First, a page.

civil parishesand townlandsnow cross county boundaries:
Ballaghaderreenarea (the civil parishes of Castlemore and Kilcolman), traditionally part of the County Mayobarony of Costello, was moved from Mayo to County Roscommon.
County Sligoportion of the civil parish of Kilmoremoy along with part of the neighbouring parish of Castleconnor (part of the Sligo barony of Tireragh), were transferred to County Mayo. This area is to the east of Ballinatown.
* The parts of the civil parishes of Ballinchalla and
Ballinrobeon the western shore of Lough Mask, in the County Galwaybarony of Ross, were transferred to County Mayo.
* The part of the civil parish of Inishcaltra in County Galway and the neighbouring parish of Clonrush, part of the County Galway barony of Leitrim, were transferred to County Clare. This area contains the village of
Mountshannonon the north-western shore of Lough Derg.
In all the above cases, the areas transferred officially remained part of their original baronies.
* Most of the civil parish of Kilculliheen (the area on the north bank of the river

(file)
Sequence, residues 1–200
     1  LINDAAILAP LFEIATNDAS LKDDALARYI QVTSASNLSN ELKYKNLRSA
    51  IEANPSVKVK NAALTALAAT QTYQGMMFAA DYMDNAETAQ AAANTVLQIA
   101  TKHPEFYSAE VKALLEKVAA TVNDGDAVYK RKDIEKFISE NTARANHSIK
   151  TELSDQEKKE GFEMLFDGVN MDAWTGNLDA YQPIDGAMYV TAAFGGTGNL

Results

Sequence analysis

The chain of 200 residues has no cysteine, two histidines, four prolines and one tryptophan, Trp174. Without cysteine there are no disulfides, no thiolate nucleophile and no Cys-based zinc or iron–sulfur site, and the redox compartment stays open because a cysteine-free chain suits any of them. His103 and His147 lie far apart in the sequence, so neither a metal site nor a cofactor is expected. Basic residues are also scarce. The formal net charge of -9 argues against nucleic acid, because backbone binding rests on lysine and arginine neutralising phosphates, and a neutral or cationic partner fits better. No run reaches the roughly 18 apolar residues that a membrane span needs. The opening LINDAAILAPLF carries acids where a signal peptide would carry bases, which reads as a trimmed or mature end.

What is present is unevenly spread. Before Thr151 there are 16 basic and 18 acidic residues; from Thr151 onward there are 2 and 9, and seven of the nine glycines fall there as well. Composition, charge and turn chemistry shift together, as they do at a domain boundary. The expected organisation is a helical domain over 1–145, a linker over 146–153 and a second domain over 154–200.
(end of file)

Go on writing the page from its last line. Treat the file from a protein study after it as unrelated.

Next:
Suiropposite Waterfordcity), which had originally part of the old "County of the City of Waterford" and had then formed part of the County Waterfordbarony of Gaultiere, was transferred to County Kilkenny, but became a new barony of Kilculliheen in its own right. The village of Ferrybank remained part of Waterford County Borough.
* The island of Inishbofin was transferred from the County Mayo barony of Murrisk to the County Galway barony of Ballynahinch.
A number of county boroughs and other towns which lay on county boundaries had their boundaries redefined to include suburbs which were traditionally in other counties. Again, this resulted in baronies, civil parishes and sometimes townlands being split between counties. These towns (each run by an "Urban District Council", or UDC, created under the Act,) include:
Athlone(included areas from County Roscommon)
Ballinasloe(included areas from County Roscommon)
Belfast(included areas from County Down)
Bray(included areas from County Dublin)
Carlow(included areas from Queen's County)
Carrick-on-Suir(included areas from County Waterford)
Clonmel(included areas from County Waterford)
Drogheda(boundary redefined so that areas were exchanged between Counties Louth and Meath)
Lisburn(included areas from County Down)
Naaswas formed in central County Kildare
New Ross(included areas from County Kilkenny)
Newry(included areas from County Armagh)
These changes may sometimes cause confusion to those researching family histories from the
19th century, as sources prior to the 1898 Act will list these areas as being in different counties to the ones they are currently in. For example, the Townland Index to the 1851 Census of Ireland [http://www.seanruad.com] lists townlands under their pre-1898 counties.
List of Irish Local Government Areas 1900 - 1921
Local government in the Republic of Ireland
List of rural and urban districts in Northern Ireland